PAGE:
The first couple of months of the 2021 offseason have flown by. Now, the Washington Capitals are face-to-face with tough decisions they’ve been pondering for a while when it comes to the Seattle Kraken.
Washington must submit its final protected list for the expansion draft on Saturday by 5 p.m. The Capitals will have to figure out which players to protect from the grasp of the Kraken, while also coming to terms with potentially losing a big name. They’ll likely go with the 7-3-1 option, as that gives Washington the most flexibility and more names to protect.
That being said, what will the final protected list look like?
2021 Mock Expansion Draft: Washington Capitals Protected List
Earlier in the offseason, I was leaning in a different direction when it came to protected forwards. However, given the continued Kuznetsov trade talks, these are the players I’d protect.
First off, let’s address Alex Ovechkin. He’s absent from this list because he’s a pending UFA who’s still waiting to re-sign If Seattle does pick him, it’d be a wasted pick. Ovechkin said multiple times he wants to sign an extension and finish his career in D.C., so even if the Kraken do select him, he’d just hit free agency and return.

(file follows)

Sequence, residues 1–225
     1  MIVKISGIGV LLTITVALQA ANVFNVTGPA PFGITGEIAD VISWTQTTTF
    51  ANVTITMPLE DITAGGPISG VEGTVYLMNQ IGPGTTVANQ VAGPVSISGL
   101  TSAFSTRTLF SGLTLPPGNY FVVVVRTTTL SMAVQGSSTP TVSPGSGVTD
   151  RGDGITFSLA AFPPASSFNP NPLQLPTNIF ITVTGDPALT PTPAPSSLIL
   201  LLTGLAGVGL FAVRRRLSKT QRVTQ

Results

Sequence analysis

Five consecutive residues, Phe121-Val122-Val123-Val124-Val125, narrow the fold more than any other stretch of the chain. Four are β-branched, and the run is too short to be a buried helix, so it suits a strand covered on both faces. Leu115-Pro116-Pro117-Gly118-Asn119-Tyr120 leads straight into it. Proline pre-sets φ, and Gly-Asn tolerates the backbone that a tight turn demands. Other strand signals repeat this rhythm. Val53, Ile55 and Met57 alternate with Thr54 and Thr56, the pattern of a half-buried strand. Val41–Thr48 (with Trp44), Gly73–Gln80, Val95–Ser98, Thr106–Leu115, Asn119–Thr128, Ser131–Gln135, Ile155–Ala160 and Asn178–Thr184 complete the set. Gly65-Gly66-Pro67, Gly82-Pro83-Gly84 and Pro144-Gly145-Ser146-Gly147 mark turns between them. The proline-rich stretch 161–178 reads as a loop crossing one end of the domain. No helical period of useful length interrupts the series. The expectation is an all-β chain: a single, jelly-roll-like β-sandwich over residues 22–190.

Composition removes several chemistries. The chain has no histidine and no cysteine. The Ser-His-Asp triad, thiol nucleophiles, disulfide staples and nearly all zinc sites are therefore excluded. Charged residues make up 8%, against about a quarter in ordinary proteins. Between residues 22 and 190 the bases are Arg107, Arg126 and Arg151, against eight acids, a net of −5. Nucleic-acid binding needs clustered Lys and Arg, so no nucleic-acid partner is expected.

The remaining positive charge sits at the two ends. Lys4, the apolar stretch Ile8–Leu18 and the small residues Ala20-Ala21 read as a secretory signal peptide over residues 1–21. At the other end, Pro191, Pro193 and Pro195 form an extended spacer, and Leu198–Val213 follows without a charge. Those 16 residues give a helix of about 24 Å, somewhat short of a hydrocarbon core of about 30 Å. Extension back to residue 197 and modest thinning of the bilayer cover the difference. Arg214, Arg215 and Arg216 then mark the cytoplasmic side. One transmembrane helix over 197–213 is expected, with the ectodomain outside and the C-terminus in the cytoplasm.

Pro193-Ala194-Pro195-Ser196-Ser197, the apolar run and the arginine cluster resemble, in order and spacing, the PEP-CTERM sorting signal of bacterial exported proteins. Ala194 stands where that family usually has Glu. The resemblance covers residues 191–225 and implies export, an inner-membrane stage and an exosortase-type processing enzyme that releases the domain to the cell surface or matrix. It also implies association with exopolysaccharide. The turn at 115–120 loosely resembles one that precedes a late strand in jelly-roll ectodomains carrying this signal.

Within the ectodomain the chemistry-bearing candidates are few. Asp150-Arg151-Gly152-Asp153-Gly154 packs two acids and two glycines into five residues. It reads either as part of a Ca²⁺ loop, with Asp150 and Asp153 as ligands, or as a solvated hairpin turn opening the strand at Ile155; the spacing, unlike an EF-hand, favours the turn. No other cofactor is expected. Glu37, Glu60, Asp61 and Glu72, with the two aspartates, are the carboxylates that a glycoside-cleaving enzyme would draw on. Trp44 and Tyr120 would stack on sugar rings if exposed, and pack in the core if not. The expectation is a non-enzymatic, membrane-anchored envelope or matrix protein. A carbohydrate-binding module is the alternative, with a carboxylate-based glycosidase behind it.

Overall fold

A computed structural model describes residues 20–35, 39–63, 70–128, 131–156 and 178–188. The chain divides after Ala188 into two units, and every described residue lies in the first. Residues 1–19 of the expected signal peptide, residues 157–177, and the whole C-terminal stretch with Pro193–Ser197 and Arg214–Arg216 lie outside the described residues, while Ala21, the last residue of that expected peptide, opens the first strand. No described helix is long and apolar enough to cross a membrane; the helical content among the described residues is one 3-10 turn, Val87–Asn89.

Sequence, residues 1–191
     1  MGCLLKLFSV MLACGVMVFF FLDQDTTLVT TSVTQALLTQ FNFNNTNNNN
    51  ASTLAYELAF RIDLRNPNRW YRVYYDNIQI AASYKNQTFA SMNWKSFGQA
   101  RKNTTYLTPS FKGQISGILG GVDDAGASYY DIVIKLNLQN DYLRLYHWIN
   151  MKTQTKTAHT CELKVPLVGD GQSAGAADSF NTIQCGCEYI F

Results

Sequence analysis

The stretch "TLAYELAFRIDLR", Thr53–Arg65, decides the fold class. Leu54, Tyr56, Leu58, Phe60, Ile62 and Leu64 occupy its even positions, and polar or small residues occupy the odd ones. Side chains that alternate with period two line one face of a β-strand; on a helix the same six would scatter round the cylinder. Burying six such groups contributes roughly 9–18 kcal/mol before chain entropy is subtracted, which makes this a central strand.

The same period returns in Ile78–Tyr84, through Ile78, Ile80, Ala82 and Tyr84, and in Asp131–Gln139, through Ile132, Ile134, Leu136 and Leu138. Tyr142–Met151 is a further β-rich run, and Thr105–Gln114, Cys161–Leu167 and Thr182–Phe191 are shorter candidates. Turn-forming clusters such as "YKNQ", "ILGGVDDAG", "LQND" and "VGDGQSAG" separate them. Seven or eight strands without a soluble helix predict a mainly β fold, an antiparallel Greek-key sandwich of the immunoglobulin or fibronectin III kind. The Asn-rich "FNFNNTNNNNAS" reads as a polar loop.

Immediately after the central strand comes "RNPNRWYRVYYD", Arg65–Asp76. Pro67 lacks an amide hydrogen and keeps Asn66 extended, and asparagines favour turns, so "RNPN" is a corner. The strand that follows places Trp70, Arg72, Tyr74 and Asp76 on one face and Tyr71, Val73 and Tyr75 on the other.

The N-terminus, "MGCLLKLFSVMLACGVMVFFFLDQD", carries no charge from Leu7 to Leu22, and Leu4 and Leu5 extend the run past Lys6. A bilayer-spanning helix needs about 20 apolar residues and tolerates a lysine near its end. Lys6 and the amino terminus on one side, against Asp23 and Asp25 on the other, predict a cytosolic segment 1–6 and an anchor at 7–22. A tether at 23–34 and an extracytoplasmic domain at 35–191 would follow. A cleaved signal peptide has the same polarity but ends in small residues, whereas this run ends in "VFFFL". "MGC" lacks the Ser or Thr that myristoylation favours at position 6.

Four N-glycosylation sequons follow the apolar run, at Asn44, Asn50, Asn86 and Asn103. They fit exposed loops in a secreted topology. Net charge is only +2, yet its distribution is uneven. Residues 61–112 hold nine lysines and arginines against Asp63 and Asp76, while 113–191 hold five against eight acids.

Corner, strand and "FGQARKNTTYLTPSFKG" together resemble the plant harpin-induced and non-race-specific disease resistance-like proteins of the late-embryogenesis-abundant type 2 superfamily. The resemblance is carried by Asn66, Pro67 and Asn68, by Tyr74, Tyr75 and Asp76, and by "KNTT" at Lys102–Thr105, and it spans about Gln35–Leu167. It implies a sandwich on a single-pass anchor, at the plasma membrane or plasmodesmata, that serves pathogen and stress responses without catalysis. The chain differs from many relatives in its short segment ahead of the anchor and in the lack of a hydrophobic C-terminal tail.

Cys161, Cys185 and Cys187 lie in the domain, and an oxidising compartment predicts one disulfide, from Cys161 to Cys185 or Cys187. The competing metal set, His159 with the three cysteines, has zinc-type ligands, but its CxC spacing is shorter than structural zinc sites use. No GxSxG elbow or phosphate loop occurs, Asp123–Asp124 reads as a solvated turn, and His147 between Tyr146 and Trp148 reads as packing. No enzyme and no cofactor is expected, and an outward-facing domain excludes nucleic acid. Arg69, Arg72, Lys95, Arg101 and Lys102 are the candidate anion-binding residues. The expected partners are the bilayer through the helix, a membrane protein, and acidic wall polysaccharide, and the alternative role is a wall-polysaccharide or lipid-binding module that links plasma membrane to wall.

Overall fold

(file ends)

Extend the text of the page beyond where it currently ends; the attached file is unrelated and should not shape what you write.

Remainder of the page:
So, leaving him unprotected allows Washington to protect another name, and not signing him to a new deal yet, in a way, keeps him safe from Seattle too.
Kuznetsov is too valuable to lose for nothing, and he’ll likely be a major trade chip with Washington potentially eyeing Vladimir Tarasenko or other big names. The Capitals would then need to be able to have another experienced top-6 center to fill the void, and that’s where Lars Eller comes into play.
Speaking of losing big names, Brian MacLellan just pulled off a major blockbuster deal for Mantha and gave up Jakub Vrana for him. Additionally, MacLellan shared how the team had been keeping an eye on Mantha and like how he fits into the team’s identity. Taking that, and the fact that Mantha played well in his small sample size, into account, he’ll get the seal of protection.
READ MORE ON WHN: What Do Vladimir Tarasenko Trade Talks Mean For Washington Capitals’ Offseason Plans?